Managing Marine Aids to Navigation ensures navigation in Pacific waters is safe for any person or vessel at sea
The world’s largest ocean surrounds the Islands of the Pacific. For generations, maritime transport has been an essential part of the people of this region, however the safety of navigating through the oceans is increasingly being recognised as a key development challenge for Pacific Island Countries & Territories (PICTs).
Harmonised and standardised safety of navigation systems and Aids to Navigation (AtoN) are critical to ensure navigation in Pacific waters is safe for any person or vessel at sea and to protect the marine environment and they are also essential to achieve greater efficiency.
To achieve that, international technical cooperation and regional collaboration are pivotal. That is why the Pacific Community’s (SPC) Geoscience, Energy and Maritime (GEM) Division worked in tandem with the Educational Quality and Assessment Programme (EQAP) since 2017 on accrediting the International Association of Marine Aids to Navigation and Lighthouse Authorities (IALA) Level 1 Manager Course as a micro qualification in the Pacific Register of Qualifications and Standards (PRQS).
This milestone achievement was a result of two- and half-years’ collaboration between GEM and EQAP, that highlighted the importance of the work that SPC implements to help create relevant development solutions across areas such as maritime safety and sustainable shipping.
Francesca Pradelli, the Regional Safety Navigation Advisor (Ag) within the GEM division explained that “the process of accrediting the IALA Level 1 Manager course as a Micro Qualification has been an extremely worthwhile journey, directly benefitting Pacific Islanders and overall contributing to enhancing safety of navigation in the region. The IALA Level 1 Manager Course organized and delivered by SPC in 2019 has certified 9 AtoN Managers from Pacific Island Countries, and has equipped them with the expertise to implement the critical work of safeguarding Pacific’s waters”.
EQAP’s quality assurance officer, Selai Waqainabete-Nainoca, applauded the GEM team for recognising the value in accredited qualifications and its commitment to ensuring its trainings are evaluated for accreditation.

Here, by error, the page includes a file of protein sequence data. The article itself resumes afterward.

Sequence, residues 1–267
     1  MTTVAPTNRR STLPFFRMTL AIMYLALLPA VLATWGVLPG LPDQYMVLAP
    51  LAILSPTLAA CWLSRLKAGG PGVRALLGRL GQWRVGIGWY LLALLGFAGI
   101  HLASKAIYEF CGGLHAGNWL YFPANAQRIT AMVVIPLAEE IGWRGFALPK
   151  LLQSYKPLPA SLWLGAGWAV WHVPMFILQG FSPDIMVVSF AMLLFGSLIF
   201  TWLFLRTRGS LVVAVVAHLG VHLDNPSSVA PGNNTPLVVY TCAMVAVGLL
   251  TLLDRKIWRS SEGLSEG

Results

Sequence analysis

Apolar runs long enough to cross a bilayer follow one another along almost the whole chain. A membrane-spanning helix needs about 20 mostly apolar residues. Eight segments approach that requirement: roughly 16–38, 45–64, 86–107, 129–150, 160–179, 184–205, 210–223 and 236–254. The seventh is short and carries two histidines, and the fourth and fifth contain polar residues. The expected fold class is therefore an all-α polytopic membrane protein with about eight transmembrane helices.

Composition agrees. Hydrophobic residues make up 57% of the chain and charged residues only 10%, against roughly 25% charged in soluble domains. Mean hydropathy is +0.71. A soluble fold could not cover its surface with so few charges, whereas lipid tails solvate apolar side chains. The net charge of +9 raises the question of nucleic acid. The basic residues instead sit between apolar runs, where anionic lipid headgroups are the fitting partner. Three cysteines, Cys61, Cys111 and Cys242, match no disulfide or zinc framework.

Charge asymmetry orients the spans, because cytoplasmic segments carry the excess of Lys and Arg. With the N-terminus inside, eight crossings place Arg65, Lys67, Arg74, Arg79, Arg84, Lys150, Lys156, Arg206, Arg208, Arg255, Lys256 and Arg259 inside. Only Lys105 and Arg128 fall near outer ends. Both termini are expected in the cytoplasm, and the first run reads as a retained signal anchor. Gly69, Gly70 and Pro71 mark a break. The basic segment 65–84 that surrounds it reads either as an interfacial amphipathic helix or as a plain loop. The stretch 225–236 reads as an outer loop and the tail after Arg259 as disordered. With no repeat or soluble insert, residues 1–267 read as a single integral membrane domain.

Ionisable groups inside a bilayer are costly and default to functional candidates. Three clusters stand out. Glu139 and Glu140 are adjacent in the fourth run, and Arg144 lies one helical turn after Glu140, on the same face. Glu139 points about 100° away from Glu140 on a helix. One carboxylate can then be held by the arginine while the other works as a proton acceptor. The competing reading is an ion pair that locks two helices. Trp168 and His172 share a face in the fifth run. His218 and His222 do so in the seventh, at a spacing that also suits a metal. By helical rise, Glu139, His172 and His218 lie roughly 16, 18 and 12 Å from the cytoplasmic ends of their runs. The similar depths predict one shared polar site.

“EQAP regards the collaboration with the GEM Division as a significant contribution to SPC’s regional commitment to the delivery of safety navigation services to the Pacific region. Now, not only will the successful graduates of these trainings have a recognised certification of the skills acquired from the training, but they will also have new opportunities should they wish to pursue further qualifications.”
The value of strengthening safety of navigation systems in the region was alluded by Pacific country focal AtoN managers.
Solomon Islands AtoN Manager, Patrick Wamahe explained that “projects like the Pacific Safety of Navigation project implemented by SPC are essential to continue to build capacity of small islands developing states in the area of AtoN that is fast developing into new technology and require quality services delivery by contracting governments”.
SPC began its assistance in the field of safety of navigation and Aids to Navigation in 2016, through the Pacific Safety of Navigation project. Thanks to the generous support from the International Foundation for Aids to Navigation (IFAN) and by working closely with the International Association of Marine Aids to Navigation and Lighthouse Authorities (IALA), currently the project assists 13 Pacific Island countries and Territories (PICTS) in building their capacity to develop and maintain Aids to Navigation, by conducting risk assessment, developing safety of navigation policies and legal frameworks, improving budgetary management, building the capacities of the maritime administrations and supporting regional coordination.
The successful delivery of Aids to Navigation (AtoN) services depends upon competent and experienced personnel to implement and maintain such services. Through the assessment component of the “Manage Marine Aids to Navigation” micro qualification, graduates will be able to acquire the skillsets needed and access opportunities for study and employment outside their home countries, improving their ability to contribute to economic growth.
This story was published at SPC on 31 May 2021, reposted via PACNEWS.